It is rare for me to sit up and take note of decisions made by American courts. However, when the decision hinges on a matter of punctuation that inflames the deep passions of many (and the intense apathy of the others) I most certainly do.
The matter of punctuation in question is the famous ‘serial comma’ (also known as the ‘Oxford comma’) is the comma that appears before the ‘and’ in a list of three or more. Fans of the serial comma (and I confess to being one) argue it helps to clarify the meaning of sentences by ensuring the last two items of the list are not considered one item or as a definition of the earlier item in the list.
A commonly-cited example is the following quote extracted from a documentary:
Among those interviewed were his two ex-wives, Kris Kristofferson and Robert Duvall
By omitting the comma before the ‘and’ one could argue that Kris Kristofferson and Robert Duvall are the two ex-wives who were interviewed. But, I hear you may cry, this is mere pedantry with no consequences in the real world. I am pleased to say that I have an example that had ten million consequences.
In O’Connor v. Oakhurst Dairy, No. 16-1901 (1st Cir. 2017) the United States Court of Appeals was asked to rule on the question of whether delivery drivers are exempt from receiving overtime. The statute set out a general right to overtime while excluding certain forms of work from receiving the benefit of the overtime law. Among other exceptions, the overtime law did not apply to (emphasis added):
The canning, processing, preserving, freezing, drying, marketing, storing, packing for shipment or distribution of:
(1) Agricultural produce;
(2) Meat and fish products; and
(3) Perishable foods.
If the list describes your occupation then you were not entitled to overtime in the State of Maine, so workers would prefer not to be included in that list if possible.
The dairy distribution workers argued that the phrase ‘packing for shipment or distribution’ was one item in the list and referred to the act of packing for the purposes of shipping or distribution but did not include distribution itself.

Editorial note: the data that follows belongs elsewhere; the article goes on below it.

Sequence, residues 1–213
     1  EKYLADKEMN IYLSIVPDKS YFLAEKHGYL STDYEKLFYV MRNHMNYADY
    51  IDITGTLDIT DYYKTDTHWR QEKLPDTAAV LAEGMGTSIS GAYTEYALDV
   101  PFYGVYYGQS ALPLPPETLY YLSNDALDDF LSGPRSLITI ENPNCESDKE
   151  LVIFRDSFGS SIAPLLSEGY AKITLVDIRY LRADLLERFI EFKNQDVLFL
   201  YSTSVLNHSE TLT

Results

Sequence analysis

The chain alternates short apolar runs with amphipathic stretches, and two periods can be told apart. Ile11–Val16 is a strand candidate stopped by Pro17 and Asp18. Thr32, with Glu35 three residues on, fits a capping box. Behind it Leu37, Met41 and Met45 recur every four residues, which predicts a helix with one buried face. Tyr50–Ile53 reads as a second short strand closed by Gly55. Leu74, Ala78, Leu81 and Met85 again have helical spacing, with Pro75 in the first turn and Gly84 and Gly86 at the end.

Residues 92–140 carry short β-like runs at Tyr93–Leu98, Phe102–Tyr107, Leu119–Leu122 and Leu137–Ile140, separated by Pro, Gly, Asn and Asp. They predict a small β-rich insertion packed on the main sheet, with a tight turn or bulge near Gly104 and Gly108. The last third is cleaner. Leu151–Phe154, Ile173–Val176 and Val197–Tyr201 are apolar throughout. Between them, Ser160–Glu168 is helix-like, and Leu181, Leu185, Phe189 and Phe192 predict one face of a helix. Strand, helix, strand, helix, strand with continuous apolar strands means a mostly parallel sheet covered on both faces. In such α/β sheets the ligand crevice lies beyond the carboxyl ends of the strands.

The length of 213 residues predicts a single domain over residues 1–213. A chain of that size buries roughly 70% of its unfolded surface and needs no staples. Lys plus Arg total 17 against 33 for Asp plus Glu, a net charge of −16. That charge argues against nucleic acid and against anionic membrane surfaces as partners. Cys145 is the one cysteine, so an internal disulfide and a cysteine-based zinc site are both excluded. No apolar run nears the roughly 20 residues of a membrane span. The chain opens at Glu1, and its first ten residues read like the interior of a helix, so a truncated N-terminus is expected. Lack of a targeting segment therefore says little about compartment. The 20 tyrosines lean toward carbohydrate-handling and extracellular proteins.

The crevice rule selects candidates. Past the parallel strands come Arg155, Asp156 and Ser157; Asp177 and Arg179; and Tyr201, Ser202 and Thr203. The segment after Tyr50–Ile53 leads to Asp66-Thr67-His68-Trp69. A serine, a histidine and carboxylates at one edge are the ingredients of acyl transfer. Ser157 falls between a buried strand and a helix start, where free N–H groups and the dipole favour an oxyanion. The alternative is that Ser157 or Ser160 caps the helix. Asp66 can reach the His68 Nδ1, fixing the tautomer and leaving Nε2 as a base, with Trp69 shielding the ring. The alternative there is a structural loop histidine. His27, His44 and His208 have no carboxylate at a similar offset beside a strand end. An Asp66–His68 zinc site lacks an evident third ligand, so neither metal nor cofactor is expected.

The dairy, who faced having to pay a reported $10,000,000 in overtime, argued that the law covered two distinct items – the act of ‘packing for shipment’ and the act of ‘distribution’.
So, a major part of the legal issue boiled down to a question of statutory interpretation over – you guessed it – the absence of a serial comma. In the end, the Court held:
Each party recognizes that, by its bare terms, Exemption F raises questions as to its scope, largely due to the fact that no comma precedes the words “or distribution.” …
We conclude, however, that Exemption F is ambiguous, even after we take account of the relevant interpretive aids and the law’s purpose and legislative history. For that reason, we conclude that, under Maine law, we must construe the exemption in the narrow manner that the drivers favour, as doing so furthers the overtime law’s remedial purpose.
The moral of the story is that the absence of a serial comma contributed to a significant legal issue of financial consequence both for drivers and for the dairy.
I will admit that the omission of the serial comma mostly does little more than to add an amusing – and most often clearly incorrect – alternative reading which takes me an extra moment to comprehend correctly. I also try to re-cast sentences to avoid the need for the serial comma at all.
But whatever you feel about the serial comma you have to agree that sometimes, just sometimes, it is actually quite important.
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